One of the modern markers of spring, most anywhere, is the appearance of waves and waves of flowers at one’s local garden center.  They are breath-taking, and they stir in me a yen to get outside and dig.  One clear bright morning this week, after a soaking rain, I stopped into my local store just to whet my appetite – I couldn’t help myself – and was handsomely rewarded.  Dazzling pinks, luscious oranges, creamy whites, sunny yellows, all fresh and dewy in that morning light.

Before I knew it, out came the camera and I was happily snapping away.  Something felt odd, though, and I glanced around me.  Sure enough, a worker was keeping an eye on me.  I wasn’t ready to stop shooting, but now I became furtive.  I placed a few flats of annuals in my shopping cart and waited for him to move out of sight before continuing.  Eventually I paid for my selections and left.  I was happy with my photographic harvest that day, but it felt a bit like plunder.  For the life of me, I can’t work out why that is.  Is it stealing if the victim lost nothing?




Like most everyone else, I love the beach – especially along the Atlantic Ocean.  On windy days, with a wind from the east, the waves are excited, building momentum, merging, crashing, tossing spray and running frantically up the packed sand, forcing awareness.  They are insistent that way, like my daughter at five, relentlessly coming at me, demanding my full attention and rewarding that attention with a raw breathless energy.  But on days when there is a soft westerly breeze, all is different.  The sea is meditating – breathing softly – each exhale a sigh.  The waves are there but quieter and more orderly, falling forward in slow motion, creating a series of soft fading whispers that demand nothing.

We recently spent three days in Vero Beach.  Photo-wise, I came away with only this quirky image I made during breakfast at the hotel, from the beach-side patio.  It is an odd photo, but it captures that beachy feeling.  There are sailing pelicans and palm trees and a little piece of ocean in the corner, providing context.

A beach-side breakfast is my personal definition of hedonism, for what could be better – sandy flip-flops, tee shirt and shorts, sunglasses, soft breeze and the sound of those meditating waves.  And an ice-cold glass of fresh orange juice.  I could sit there all morning until the lunch menu comes out, switching contentedly to a Bloody Mary.  It’s all too delicious.



When you have tritanomaly, blue often looks green.  You observe enough raised eyebrows and you lose confidence in your ability to tell the difference.  You begin consulting a non-afflicted expert when the difference matters, like picking out shoes to match your shirt.    But if you see blue and I see green, who is correct?  Well, since only one in 10,000 of us is a tritanope, correctness always resides with the majority – the non-afflicted.

Does it matter what we label colors?  I don’t think so, generally.  But on this one day of the year, if you are of Irish descent, getting it right matters.



If I ever leave Florida again, I think what I would miss most is the Sabal Palm, known to some as the Cabbage Palm. Admittedly, there are more elegant palms here, but for me the Sabal is the most expressive.  It looks a bit like a cross between a giraffe and Red Fraggle, but in a good way.  In spite of its seeming fragility, it has evolved to deal with the periodic pounding of tropical storms.   It is exuberant, dancing to the beat of its own drummer – standing tall or twisting and bending in response to some unseen influence, occasionally hugging tightly to a nearby oak.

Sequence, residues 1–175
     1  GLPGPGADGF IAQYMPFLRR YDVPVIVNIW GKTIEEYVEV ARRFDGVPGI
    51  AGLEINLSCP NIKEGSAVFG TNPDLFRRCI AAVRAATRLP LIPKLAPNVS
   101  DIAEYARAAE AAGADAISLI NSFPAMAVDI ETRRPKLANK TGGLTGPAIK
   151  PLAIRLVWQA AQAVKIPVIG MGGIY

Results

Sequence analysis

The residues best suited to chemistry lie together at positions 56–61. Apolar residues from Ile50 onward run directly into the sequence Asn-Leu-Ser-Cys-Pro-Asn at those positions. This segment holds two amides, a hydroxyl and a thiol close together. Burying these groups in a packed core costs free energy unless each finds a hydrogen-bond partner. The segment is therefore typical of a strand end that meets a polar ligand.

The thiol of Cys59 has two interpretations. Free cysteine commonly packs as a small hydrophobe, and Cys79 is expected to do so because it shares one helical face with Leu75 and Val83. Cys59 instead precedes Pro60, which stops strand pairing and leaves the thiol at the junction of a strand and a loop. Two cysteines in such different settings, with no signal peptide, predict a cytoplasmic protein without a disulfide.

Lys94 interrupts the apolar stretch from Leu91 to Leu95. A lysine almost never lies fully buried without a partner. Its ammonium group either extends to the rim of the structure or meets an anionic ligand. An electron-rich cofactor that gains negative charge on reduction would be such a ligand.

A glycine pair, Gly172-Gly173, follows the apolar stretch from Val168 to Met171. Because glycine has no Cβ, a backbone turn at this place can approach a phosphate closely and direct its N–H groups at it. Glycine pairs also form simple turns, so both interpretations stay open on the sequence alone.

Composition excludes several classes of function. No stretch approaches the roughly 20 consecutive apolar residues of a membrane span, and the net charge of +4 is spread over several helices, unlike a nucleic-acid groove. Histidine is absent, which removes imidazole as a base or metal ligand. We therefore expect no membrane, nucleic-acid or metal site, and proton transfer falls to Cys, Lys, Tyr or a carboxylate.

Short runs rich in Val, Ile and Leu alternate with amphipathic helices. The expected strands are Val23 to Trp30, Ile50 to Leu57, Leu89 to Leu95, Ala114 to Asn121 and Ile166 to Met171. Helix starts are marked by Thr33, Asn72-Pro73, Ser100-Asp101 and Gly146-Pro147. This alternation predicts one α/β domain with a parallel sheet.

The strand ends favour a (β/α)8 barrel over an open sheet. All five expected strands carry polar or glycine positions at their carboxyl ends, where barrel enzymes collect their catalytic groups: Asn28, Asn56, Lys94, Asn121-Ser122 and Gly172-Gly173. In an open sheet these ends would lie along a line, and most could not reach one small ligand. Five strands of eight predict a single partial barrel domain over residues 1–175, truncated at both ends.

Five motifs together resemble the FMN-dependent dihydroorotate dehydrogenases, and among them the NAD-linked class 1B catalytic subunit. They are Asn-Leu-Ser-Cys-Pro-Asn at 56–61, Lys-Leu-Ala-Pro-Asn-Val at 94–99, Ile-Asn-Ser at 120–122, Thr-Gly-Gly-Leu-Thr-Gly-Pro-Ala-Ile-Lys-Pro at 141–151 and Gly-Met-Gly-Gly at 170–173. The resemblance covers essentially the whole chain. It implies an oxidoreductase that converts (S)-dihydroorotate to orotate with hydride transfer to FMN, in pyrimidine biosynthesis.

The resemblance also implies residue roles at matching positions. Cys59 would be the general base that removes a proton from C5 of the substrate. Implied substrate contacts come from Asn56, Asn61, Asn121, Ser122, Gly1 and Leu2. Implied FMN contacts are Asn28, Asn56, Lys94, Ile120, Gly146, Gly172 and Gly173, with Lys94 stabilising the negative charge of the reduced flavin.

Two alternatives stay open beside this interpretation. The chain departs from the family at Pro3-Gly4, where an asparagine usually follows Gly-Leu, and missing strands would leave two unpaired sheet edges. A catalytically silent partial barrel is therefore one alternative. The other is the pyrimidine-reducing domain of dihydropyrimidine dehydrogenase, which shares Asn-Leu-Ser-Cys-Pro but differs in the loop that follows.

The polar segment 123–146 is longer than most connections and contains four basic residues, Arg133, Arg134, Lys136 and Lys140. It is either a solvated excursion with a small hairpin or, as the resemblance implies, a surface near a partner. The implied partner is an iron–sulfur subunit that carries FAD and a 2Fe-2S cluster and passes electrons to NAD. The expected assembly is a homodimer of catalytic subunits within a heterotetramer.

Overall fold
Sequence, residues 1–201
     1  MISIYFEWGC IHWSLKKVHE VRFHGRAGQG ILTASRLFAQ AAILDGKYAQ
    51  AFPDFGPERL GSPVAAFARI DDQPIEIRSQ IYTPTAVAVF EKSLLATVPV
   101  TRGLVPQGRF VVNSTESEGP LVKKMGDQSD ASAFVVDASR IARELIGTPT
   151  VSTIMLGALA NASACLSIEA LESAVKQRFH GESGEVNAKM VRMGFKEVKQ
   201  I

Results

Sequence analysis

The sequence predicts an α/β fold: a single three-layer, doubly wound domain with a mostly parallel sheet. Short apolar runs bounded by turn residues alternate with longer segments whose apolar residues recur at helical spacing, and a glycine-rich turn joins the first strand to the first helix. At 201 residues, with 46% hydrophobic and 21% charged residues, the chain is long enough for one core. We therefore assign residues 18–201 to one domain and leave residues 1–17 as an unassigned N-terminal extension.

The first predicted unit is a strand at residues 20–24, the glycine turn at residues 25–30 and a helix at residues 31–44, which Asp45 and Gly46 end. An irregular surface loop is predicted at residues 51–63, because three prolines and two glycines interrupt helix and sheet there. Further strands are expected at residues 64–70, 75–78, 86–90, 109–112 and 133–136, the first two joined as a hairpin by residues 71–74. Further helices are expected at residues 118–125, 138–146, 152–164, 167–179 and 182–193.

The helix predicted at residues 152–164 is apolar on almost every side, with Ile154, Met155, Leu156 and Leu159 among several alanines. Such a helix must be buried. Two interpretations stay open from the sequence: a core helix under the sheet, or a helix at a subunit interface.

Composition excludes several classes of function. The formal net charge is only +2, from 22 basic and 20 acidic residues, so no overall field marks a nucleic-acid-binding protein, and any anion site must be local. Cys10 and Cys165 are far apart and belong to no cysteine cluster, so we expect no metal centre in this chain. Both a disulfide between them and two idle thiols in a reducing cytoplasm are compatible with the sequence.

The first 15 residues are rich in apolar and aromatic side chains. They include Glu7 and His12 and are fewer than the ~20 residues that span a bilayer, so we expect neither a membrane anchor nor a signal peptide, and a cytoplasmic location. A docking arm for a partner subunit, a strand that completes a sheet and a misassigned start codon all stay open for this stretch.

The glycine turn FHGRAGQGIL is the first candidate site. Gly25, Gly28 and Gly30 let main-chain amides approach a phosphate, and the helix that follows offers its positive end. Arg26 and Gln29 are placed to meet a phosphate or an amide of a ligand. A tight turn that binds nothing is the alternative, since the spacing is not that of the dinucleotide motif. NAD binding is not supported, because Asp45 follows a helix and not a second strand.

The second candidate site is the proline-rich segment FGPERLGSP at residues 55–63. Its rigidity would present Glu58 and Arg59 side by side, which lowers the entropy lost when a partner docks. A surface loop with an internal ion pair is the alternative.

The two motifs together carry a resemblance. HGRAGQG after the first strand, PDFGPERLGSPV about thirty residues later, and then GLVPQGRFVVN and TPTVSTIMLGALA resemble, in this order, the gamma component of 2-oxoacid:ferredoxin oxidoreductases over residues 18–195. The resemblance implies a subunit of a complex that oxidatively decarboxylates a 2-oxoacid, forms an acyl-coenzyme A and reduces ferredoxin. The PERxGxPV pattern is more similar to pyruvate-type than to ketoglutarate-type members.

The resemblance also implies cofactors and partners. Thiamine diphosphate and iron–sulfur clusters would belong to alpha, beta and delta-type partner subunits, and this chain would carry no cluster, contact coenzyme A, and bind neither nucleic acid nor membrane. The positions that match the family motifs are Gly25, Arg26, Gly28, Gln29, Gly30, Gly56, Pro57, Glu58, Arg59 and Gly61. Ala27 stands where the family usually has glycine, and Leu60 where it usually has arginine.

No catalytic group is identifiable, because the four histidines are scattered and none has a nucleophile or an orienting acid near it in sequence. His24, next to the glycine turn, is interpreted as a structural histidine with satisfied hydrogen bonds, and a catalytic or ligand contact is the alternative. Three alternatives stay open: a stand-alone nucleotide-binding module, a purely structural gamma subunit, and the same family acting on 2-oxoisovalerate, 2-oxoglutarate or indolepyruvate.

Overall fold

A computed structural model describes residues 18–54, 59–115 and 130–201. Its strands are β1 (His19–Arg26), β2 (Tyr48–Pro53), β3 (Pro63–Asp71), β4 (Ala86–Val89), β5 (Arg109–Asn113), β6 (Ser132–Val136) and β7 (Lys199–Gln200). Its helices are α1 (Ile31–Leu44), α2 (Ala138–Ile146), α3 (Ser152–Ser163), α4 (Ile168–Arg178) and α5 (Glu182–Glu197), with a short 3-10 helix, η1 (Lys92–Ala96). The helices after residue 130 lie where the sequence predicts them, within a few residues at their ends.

I can see a line of arching Sabal Palms from my pillow.  The palms come close to our screened porch, not quite touching it but leaning in gracefully and in unison.  At first light, I can hear squirrels scampering across their crowns, so close together are they.  On these spring nights when the doors to the screened porch are flung wide, the palms transport me far south to some balmy and untouched tropical island and I fall asleep to the sound of softly rustling fronds.



I stopped in front of a nondescript booth, my attention drawn by an old clarinet resting in its frayed case.  A long-put-aside memory from grade school flickered bravely in my head. “Do you play?”  I turned toward a grey-haired woman with a pleasant smile, aging but (as I remind myself often these days) probably no older than I.  “No, not really. Just in the 4th grade”.  We traded grade school clarinet memories, hers much better-formed than mine.  Feeling comfortable now, I asked her what I’d been wanting to ask vendors all day – why was she here?  She said that she was downsizing and keen on simplifying her life, and that she needed to get rid of things she had accumulated over the years.

Oh, the irony.  Here was a flea market extravaganza, with over 800 vendors displaying wares for thousands of shoppers over three days, all there to buy this same “stuff” and take it home, adding it to their lives – bottles and buckets, knick-knacks, yard art, old croquet sets and family photos of someone else’s family.  Acres and acres of stuff.  I watched a woman buy a 60’s-vintage plastic alarm clock, saying to her husband, “My mom and dad had this exact alarm clock next to their bed!”  What was she going to do with that clock?

Of course, I’m supposed to be culling this year.  After 6 hours shopping and observing, I bought nothing except for lunch.  All I brought home were photos.  Like a moth drawn to a flame, though, I’m sure I’ll return next year.